For the African continent, where high rates of tuberculosis often go hand in hand with HIV infections, smoking further exacerbates the health risks. On World No Tobacco Day, WHO emphasized the lung diseases including tuberculosis that account for 40 percent of all tobacco-related deaths.

Smoking-related fatalities across WHO’s African region historically remained low when compared with the rest of the world but that’s likely to change as Africans become the targets of more aggressive tobacco firms. Tobacco experts warn of the lag time between active smoking patterns and the wider, more visible public health implications, and they’re trying to ward off as much of it as they can.

“With an increase in affordability of tobacco products and the tobacco industry’s aggressive marketing in Africa, smoking prevalence has already started to rise, or is likely to substantially increase in the future,” say health experts behind the 2018 Tobacco Atlas, an initiative of the American Cancer Society (ACS) and Vital Strategies,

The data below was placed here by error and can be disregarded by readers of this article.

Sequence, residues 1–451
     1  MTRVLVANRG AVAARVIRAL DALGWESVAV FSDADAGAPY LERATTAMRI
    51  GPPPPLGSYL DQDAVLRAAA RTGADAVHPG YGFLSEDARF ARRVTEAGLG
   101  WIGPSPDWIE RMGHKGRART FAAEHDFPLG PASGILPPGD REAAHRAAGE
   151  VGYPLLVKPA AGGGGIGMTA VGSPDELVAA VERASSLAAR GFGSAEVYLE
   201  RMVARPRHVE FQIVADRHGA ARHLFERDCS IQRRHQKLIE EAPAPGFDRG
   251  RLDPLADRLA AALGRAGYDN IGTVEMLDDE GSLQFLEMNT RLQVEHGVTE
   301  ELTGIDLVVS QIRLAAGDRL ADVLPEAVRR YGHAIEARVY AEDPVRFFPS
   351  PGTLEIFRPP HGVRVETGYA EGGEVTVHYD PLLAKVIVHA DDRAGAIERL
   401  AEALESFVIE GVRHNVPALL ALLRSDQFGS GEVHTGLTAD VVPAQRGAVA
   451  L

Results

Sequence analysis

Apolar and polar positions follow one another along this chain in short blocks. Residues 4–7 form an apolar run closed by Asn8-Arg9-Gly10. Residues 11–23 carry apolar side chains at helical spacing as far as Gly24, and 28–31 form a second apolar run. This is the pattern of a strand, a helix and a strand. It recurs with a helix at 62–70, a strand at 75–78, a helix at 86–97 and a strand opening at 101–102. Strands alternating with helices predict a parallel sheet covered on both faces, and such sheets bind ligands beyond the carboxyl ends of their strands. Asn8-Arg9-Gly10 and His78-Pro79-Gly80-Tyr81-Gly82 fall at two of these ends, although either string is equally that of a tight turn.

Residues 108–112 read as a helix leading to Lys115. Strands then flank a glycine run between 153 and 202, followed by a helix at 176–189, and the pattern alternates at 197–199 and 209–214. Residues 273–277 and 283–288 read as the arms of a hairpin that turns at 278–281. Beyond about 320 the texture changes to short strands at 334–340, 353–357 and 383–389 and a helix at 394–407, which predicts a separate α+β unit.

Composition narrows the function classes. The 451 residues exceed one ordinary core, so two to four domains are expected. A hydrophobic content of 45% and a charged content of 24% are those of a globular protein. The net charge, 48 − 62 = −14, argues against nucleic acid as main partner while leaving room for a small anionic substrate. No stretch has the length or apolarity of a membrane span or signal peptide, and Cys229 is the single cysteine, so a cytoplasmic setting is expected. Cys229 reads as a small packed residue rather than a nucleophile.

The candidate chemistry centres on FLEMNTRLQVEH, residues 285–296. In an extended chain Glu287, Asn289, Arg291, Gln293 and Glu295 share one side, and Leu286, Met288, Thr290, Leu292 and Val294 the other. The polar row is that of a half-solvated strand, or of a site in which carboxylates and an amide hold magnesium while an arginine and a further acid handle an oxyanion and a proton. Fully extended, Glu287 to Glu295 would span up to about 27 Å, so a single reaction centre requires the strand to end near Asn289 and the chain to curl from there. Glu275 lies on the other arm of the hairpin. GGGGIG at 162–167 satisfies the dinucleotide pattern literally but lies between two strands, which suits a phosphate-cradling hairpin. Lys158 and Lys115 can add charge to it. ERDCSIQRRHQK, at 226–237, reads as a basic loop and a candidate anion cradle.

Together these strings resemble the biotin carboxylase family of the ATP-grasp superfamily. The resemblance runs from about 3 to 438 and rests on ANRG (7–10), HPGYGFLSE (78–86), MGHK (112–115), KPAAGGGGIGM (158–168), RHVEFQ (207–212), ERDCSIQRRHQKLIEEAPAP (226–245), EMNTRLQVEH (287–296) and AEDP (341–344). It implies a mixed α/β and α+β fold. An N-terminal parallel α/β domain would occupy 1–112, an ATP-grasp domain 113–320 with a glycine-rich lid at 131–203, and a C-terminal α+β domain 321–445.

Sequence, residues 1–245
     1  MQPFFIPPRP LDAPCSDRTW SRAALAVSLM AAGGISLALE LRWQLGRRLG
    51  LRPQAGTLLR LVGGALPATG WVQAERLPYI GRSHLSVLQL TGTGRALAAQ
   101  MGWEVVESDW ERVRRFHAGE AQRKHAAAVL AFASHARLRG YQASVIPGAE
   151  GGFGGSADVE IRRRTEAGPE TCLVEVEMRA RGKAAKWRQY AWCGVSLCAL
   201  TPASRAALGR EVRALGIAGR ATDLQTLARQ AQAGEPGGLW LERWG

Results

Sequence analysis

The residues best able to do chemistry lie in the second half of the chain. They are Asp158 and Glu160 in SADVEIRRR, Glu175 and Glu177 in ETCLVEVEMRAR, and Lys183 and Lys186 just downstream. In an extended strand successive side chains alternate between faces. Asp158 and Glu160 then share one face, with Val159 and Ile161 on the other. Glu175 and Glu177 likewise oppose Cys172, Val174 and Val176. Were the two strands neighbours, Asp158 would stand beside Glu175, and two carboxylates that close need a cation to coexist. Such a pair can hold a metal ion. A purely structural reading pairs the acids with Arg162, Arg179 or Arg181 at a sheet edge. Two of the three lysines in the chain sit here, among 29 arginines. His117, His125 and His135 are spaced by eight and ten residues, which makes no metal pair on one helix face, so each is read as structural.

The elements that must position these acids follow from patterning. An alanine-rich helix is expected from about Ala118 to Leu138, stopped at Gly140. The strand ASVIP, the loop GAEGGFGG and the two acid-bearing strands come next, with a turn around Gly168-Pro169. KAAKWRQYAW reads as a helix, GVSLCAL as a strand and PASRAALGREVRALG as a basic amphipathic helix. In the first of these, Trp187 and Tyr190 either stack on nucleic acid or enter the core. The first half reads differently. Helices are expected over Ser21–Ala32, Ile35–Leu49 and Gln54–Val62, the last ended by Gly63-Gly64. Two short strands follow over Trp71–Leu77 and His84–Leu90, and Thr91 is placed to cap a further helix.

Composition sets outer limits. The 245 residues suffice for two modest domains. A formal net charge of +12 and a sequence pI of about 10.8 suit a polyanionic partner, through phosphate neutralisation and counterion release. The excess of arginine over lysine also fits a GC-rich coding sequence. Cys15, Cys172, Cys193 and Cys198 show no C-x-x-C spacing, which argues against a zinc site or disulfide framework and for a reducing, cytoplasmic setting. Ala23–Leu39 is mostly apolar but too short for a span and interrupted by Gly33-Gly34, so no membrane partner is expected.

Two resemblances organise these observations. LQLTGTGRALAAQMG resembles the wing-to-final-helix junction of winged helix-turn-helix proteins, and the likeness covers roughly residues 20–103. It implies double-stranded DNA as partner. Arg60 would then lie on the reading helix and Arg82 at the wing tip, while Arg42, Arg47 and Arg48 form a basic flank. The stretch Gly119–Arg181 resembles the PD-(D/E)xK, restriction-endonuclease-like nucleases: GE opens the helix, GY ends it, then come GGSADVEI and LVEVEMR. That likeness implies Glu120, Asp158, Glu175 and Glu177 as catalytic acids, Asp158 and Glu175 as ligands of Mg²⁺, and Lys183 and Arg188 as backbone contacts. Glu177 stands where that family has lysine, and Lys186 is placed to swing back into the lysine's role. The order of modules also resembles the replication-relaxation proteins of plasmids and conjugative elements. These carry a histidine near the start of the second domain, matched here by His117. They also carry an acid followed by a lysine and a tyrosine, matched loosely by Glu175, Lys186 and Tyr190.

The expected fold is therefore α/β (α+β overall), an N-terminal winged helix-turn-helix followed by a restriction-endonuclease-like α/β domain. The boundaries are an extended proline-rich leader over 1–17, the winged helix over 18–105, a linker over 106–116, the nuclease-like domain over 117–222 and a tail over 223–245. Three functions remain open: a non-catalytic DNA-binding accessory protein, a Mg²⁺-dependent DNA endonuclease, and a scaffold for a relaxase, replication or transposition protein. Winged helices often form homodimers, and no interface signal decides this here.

“With its rapidly-growing populations and rising life expectancy, an increase in the number of smokers along with population aging is likely to make Africa suffer the most from future smoking-related burden.”

WHO and other anti-tobacco organizations have worked closely with African partners but tobacco use remains on the rise especially among young people. The 2018 report saw a 52 percent rise in consumption across sub-Saharan Africa between 1980 and 2016, especially where aggressive marketing that targets youth is common.

Some African nations are more responsive to the problem than others: Madagascar, for example, has banned advertising and already requires the same graphic warnings soon to be implemented in Nigeria. Sierra Leone has a strong coalition that’s demanding higher taxes and better tobacco control, and neighboring Cameroon is looking to raise taxes on tobacco products too.

Source: Africa Times